I had been wondering if tree structures could be represented with any specific system since, like you’ve both pointed out, they crop up in computer science but also in various ‘real-world’ data sets. I imagine having a computer science background has certainly influenced my approach!
To be a little more specific about the case I had in mind, I was wondering about chess opening theory. To explain for the unfamiliar, in chess, certain sequences of opening moves are considered better and top players analyse these to ever greater depths, finding improvements over older games. While in some of these variations playing with general principles is adequate, there exist some where moves must be more precise. I had been discussing with a some chess playing friends about the practicalities of modelling this if one were keen to simply memorise reams of opening theory (leaving aside the objections chess players would make to this amateurish approach to openings!). Having made a chess playing program as part of my undergraduate work, I had studied tree structures and wondered if the memory experts had an answer to this problem.
This leaves us with a data structure that typically alternates between large (what your opponent may play) and small (what you’d reply with) branching factors at each new node, but I feel that this feature would be best ignored to allow for a general case solution. Additionally, this tree structure would require the option of a much larger branching factor than a binary tree which makes our solution more broadly applicable. As for the nodes, the data would be stored would be quite simple, certainly not too tricky for traditional memory techniques i.e. just the move and perhaps some mental notes too. In terms of the option of updating the information, one would presume this would be a fairly rare occurrence if the initial tree were well made.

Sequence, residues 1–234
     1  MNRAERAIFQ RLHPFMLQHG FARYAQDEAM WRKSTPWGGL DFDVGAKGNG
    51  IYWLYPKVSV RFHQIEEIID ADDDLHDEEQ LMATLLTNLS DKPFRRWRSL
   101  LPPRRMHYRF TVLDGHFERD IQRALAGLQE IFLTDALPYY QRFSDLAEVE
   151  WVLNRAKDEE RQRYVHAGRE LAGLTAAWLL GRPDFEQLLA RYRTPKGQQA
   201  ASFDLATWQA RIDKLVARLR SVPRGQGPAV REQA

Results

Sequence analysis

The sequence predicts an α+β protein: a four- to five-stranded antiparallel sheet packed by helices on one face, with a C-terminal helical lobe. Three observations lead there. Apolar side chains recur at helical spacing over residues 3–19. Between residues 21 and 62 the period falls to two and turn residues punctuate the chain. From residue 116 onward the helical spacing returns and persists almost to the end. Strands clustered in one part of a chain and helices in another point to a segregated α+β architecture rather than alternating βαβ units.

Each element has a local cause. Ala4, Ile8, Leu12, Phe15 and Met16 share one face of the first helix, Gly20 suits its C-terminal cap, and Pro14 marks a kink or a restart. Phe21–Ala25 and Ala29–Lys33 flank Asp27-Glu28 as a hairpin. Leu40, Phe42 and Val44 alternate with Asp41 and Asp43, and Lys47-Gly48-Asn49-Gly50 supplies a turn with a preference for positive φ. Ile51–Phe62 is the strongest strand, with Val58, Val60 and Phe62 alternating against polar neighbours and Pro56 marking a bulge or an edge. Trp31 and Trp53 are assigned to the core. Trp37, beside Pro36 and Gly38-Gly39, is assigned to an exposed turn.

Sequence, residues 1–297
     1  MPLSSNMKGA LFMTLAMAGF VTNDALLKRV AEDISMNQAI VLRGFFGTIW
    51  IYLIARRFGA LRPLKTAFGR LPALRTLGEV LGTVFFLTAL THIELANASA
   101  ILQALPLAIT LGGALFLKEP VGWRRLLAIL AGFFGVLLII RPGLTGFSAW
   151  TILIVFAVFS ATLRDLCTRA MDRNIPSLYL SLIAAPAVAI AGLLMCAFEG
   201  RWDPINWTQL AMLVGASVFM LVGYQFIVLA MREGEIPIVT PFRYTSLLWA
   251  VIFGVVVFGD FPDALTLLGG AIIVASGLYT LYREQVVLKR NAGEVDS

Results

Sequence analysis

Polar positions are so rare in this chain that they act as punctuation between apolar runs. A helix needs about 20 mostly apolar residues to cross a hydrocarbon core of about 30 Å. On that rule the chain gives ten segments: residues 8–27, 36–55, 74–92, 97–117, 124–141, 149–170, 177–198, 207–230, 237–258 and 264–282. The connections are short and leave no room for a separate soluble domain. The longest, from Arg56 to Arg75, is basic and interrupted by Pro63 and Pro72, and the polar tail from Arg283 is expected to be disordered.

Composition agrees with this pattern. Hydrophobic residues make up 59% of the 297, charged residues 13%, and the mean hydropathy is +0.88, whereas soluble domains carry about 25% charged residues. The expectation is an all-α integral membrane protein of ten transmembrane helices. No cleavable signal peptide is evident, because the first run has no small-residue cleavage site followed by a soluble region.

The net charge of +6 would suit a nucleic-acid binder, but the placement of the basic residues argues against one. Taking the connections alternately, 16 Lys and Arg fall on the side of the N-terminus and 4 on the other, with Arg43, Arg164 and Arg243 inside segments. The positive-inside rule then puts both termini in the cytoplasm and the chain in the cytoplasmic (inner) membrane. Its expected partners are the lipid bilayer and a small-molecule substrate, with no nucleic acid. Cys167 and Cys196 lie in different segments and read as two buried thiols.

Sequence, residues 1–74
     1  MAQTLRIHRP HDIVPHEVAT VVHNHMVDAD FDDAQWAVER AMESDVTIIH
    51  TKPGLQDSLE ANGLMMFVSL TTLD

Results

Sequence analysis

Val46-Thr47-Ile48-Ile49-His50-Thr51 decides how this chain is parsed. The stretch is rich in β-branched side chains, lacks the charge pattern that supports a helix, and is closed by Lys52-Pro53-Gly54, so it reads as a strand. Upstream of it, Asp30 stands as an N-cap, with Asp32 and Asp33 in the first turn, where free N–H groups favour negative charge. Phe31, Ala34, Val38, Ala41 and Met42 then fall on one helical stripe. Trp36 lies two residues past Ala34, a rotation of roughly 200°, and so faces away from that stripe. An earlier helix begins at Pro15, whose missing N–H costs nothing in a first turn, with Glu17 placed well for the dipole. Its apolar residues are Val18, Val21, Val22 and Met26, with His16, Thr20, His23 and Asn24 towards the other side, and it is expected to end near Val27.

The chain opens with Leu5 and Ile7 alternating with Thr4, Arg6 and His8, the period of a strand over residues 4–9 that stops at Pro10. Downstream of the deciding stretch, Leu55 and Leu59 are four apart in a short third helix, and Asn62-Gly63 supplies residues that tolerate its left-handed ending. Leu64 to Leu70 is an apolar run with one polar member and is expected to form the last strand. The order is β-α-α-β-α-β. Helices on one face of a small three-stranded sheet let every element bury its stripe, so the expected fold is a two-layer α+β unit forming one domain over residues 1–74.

Understandably the structure I’m describing is likely to be prohibitively large for all but the most dedicated mnemonist; if we imagine an average branching factor of 5 (which is something of a guess on my part), to reach a depth of only 5 moves, we have nearly 4000 nodes. I was mostly curious about how one might set about this task.